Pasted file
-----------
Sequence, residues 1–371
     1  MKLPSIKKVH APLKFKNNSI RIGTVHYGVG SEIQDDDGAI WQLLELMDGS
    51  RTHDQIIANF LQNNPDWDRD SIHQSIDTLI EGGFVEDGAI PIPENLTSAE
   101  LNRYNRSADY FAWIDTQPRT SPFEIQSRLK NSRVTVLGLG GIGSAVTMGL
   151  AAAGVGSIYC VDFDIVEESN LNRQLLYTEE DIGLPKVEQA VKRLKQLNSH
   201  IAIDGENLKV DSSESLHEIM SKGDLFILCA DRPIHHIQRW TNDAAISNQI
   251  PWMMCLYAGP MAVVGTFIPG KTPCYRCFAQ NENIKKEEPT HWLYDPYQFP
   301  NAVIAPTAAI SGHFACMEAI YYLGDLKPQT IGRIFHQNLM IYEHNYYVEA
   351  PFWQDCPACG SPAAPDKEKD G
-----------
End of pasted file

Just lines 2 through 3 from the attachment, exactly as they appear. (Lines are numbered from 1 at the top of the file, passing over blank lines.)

     1  MKLPSIKKVH APLKFKNNSI RIGTVHYGVG SEIQDDDGAI WQLLELMDGS
    51  RTHDQIIANF LQNNPDWDRD SIHQSIDTLI EGGFVEDGAI PIPENLTSAE